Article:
10- Access to Public Libraries 

2012:
o        New Mexico 

11- Access to Churches, Temples and Mosques

2010:
o        Georgia

12- Charging Registration Fees 

2008:
o        Nevada
2013:
o        Wisconsin

13- Making Homelessness (no specific residence to Register) a Crime 

2008/2010:
o        Georgia 

14- Mandating Email Addresses, Instant Messenger, User Names, On-line Identities, Internet Providers and/or All On-line Passwords be Given to Authorities 

2013:
o        California

15- Required all RSO to subject themselves to searches, monitoring of their computers and cell phones 

2012:
o        Nebraska 

16- Requiring a RSO to re-register after a new arrest 

2012:
o        West Virginia 

The State Police did not have the right to arrest a Tyler County man for failure to re-register as a sex offender upon his release from jail in 2010, the West Virginia Court of Appeals said.

After a one-night stay in a Regional Jail, the Defendant returned to his previously registered home. Police arrested the defendant because he did not complete a new sex offender registration form. According to the State Police's form, an offender must re-register with three days "of release from an institution."

Sex offenders are only required to re-register their information following a conviction -- not after an arrest, the Appeals Court ruled.
 

17- Mandating Signs in Front Yard/on Front Door/ or on Vehicle 

See the 2009 Kansas Ruling below

18- Mandating Chemical Castration for First Time or Second Time Offenders

 
19- Crimes Against Nature (Oral and Anal Sex) Between Consenting Adults a Crime 

2013:
o        Louisiana
 

A decision in Kansas in 2009 State v Schad needed to be noted on this page but it did not fit neatly under any of the above categories.  

After pleading no contest a defendant was placed on 60 months' probation.  

A trial court imposed several probation conditions that included placing the defendant him under house arrest, forbidding him from grocery shopping, and ordering him to place signs, with letters at least 4 inches tall, stating that a "sexual predator lives here" on all four sides of his property AND stickers similar to what "campaign people" use on both sides of his car that state “sexual predator”.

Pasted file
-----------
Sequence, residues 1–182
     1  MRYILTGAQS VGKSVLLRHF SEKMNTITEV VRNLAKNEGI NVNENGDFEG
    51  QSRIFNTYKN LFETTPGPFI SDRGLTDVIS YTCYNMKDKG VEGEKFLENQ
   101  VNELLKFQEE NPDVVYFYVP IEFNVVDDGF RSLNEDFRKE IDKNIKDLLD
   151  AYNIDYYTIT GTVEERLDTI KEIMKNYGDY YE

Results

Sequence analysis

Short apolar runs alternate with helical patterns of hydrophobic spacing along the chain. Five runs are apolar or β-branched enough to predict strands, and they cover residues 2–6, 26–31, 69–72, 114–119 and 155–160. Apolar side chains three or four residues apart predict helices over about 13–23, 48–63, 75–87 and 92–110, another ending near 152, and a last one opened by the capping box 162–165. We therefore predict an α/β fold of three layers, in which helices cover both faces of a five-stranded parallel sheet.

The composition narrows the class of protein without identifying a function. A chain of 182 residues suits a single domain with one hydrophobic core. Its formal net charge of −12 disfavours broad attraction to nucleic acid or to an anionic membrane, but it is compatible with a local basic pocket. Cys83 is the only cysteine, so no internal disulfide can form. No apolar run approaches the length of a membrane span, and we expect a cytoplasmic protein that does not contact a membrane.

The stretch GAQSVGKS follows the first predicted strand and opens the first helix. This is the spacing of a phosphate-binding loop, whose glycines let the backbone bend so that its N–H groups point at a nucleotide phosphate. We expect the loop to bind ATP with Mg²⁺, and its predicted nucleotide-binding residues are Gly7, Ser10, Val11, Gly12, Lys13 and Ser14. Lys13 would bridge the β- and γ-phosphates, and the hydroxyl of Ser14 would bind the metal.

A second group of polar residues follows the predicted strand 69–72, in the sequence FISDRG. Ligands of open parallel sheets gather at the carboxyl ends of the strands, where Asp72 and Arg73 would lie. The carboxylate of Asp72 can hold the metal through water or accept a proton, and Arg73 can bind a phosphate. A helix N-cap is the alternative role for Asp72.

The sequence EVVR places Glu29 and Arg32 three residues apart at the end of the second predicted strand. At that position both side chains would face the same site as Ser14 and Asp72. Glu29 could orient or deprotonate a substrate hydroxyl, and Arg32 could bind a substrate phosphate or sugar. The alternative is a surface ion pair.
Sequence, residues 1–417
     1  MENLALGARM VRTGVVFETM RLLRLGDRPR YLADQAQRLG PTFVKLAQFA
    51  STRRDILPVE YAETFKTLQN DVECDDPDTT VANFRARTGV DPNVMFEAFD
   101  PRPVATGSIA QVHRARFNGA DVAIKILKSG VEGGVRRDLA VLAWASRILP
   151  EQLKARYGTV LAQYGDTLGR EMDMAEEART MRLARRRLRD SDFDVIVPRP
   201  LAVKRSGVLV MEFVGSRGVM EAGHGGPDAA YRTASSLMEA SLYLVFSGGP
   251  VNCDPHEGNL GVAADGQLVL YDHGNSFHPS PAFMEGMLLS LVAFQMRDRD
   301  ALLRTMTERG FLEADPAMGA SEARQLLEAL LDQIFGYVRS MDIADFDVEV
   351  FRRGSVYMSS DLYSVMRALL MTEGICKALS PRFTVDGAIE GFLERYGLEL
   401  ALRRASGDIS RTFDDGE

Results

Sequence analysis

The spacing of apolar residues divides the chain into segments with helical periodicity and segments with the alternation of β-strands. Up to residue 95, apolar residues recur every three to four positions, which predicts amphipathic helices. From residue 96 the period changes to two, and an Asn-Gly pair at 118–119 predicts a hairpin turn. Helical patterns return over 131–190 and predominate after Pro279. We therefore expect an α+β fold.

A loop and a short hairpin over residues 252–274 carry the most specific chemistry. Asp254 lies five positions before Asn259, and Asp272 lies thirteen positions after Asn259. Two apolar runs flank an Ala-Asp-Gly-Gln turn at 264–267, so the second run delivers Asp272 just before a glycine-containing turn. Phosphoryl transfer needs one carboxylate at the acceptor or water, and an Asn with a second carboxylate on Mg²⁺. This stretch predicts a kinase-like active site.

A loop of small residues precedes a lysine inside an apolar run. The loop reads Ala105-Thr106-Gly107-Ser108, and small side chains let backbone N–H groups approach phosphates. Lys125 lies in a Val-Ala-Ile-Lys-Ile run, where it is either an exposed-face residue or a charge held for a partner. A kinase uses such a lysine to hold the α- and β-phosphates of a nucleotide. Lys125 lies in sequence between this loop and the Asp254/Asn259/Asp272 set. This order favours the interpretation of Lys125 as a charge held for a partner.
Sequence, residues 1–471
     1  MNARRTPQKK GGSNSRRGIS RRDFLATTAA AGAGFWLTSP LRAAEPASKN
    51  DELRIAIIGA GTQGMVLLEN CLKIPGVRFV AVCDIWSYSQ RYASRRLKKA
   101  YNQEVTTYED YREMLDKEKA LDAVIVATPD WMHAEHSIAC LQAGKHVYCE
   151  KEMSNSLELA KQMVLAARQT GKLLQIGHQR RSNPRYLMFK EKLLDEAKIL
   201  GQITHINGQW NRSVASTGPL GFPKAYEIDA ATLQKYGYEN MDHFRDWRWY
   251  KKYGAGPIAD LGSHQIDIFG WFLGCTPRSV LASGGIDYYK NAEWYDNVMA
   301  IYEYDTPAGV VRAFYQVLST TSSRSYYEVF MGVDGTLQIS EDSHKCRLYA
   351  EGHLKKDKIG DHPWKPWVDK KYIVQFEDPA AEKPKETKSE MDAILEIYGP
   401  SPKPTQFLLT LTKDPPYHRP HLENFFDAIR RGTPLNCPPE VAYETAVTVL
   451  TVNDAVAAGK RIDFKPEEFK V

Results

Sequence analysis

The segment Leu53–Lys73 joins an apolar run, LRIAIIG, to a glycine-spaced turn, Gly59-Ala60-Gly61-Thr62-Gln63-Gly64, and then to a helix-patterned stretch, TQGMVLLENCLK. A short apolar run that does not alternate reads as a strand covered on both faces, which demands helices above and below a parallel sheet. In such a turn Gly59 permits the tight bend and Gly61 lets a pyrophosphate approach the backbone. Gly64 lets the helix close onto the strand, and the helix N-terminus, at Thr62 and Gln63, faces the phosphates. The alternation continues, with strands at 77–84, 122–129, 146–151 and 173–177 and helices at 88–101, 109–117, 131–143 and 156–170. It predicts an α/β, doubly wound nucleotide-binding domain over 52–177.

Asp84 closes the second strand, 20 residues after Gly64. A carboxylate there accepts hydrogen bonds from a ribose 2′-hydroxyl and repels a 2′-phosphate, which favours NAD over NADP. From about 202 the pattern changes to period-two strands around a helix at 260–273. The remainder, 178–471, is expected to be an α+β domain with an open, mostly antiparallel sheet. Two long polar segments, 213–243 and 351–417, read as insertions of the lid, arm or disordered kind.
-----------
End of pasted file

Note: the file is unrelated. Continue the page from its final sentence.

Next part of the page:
The defendant filed the appeal so then the State moved to revoke the defendant probation for failure to comply with the conditions of his probation. The State maintained that the defendant had failed to contact the appropriate program to set up his house arrest and that he had not affixed the ordered signs on his property and on his car. 

After holding a nonevidentiary hearing, the trial court granted the State's motion to revoke the defendants probation. The trial court modified the language in its earlier order and required the defendant to place signs on his property stating that a "Sex Offender Lives Here" (instead of "sexual predator lives here") and on his car stating that "Sex Offender In This Car" (instead of "sexual predator").
 
In the 2009 decision the Court of Appeals severed the conditions of probation requiring the defendant to post signs around his house and on his car AND the no grocery shopping order.


U.S. Department of Justices Stance on Sex Offender Registration Being Constitutional: 

August 2013
Sex Offender Registration and Notification in the United States: Current Case Law and Issues                  http://ojp.gov/smart/caselaw/handbook_august2013.pdf 
 
January 2008-2009
Sex Offender Registration and Notification in the United States: Current Case Law and Issues                  http://ojp.gov/smart/caselaw/caselawsum.pdf
 
July 2013-
Failure to Register as a Sex Offender: A Legal Analysis of 18 U.S.C. 2250